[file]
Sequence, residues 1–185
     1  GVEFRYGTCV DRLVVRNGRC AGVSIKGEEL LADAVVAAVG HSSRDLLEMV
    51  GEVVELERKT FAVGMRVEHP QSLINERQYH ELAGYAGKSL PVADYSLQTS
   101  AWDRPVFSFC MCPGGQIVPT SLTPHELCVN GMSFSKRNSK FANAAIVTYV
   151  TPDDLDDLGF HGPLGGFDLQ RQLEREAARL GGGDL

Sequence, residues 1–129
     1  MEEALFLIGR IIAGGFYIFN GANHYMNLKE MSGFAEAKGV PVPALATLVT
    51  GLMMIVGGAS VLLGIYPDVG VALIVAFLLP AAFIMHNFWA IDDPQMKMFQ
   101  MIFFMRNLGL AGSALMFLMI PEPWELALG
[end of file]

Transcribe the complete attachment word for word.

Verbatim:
Sequence, residues 1–185
     1  GVEFRYGTCV DRLVVRNGRC AGVSIKGEEL LADAVVAAVG HSSRDLLEMV
    51  GEVVELERKT FAVGMRVEHP QSLINERQYH ELAGYAGKSL PVADYSLQTS
   101  AWDRPVFSFC MCPGGQIVPT SLTPHELCVN GMSFSKRNSK FANAAIVTYV
   151  TPDDLDDLGF HGPLGGFDLQ RQLEREAARL GGGDL

Sequence, residues 1–129
     1  MEEALFLIGR IIAGGFYIFN GANHYMNLKE MSGFAEAKGV PVPALATLVT
    51  GLMMIVGGAS VLLGIYPDVG VALIVAFLLP AAFIMHNFWA IDDPQMKMFQ
   101  MIFFMRNLGL AGSALMFLMI PEPWELALG